A CLI file editing question.

How do you append text to an entry in an existing file? For example, lets say I
have a file called “env.logon” in /home/myself/bin that contains the following text:


If I wanted to add, via command line, “:/usr/bin:/usr/sbin” to the PATH= and I
used the “echo” command (echo "PATH=:/usr/bin:/usr/sbin) it would create a second entry and my file would look like:


What I want is for it to look like:


Is there a way to get this result via command line?

cp env.logon{,.orig}
sed ‘s|PATH=.*|&:/usr/bin:/usr/sbin|’ env.logon.orig > env.logon

Thank you very much.

Would you mind either explaining the syntax to me or pointing somewhere that does? Is this just standard bash scripting techniques? If it is I have a book I can look it up in.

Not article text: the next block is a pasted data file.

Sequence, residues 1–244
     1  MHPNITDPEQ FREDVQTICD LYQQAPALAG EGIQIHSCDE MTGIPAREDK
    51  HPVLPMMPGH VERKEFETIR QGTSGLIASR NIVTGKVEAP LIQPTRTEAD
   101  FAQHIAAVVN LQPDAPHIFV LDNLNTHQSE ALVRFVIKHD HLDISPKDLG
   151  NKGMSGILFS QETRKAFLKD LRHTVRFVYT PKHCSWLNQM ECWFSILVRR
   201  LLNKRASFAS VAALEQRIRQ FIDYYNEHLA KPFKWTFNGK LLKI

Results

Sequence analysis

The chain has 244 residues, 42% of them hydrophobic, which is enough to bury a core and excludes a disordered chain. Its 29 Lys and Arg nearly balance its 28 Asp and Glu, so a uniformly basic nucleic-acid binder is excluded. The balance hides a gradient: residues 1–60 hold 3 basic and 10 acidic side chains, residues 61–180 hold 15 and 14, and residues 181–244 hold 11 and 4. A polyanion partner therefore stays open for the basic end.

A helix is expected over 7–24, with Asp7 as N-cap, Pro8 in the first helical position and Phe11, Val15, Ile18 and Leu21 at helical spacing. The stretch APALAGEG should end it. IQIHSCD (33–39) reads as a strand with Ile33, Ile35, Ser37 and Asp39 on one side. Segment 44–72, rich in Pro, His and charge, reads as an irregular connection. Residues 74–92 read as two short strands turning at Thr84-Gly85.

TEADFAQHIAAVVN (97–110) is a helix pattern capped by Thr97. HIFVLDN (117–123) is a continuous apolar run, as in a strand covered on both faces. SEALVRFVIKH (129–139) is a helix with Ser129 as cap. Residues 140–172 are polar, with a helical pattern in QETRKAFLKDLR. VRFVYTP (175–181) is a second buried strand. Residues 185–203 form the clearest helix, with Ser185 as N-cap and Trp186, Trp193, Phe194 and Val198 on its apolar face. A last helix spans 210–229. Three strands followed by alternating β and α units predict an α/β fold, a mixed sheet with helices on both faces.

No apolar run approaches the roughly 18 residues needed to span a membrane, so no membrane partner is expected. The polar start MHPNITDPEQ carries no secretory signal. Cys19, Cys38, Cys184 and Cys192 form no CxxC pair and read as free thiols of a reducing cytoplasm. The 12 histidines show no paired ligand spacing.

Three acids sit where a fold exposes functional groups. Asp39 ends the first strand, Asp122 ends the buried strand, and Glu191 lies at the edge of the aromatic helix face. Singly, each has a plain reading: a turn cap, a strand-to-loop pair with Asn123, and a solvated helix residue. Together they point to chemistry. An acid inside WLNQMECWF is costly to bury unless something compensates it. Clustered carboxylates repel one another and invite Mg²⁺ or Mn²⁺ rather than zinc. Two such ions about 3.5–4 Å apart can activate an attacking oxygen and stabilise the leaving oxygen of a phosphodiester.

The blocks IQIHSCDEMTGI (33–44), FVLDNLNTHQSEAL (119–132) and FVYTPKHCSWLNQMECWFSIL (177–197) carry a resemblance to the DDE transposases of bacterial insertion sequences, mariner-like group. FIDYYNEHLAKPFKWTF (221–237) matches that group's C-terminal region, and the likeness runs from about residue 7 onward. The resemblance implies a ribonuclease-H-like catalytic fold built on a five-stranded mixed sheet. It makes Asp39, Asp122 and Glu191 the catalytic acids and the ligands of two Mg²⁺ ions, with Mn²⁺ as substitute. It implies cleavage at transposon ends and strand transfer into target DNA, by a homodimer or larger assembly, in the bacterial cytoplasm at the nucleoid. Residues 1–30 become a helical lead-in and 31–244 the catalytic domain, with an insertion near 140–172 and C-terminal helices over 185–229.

The first command uses bash braces expansion and is equivalent to: cp env.logon env.logon.orig .
The second command uses ‘sed’, a ‘stream editor’. It’s a basic Unix tool. You’ll find plenty of documentation and manuals online. Once you learn to work with ‘regular expressions’, it’s a very powerfull tool. But carefull while using sed : ALWAYS make a copy of your original file. By the smallest syntax error, sed produces an empty output resulting in a file with 0 size when redirected.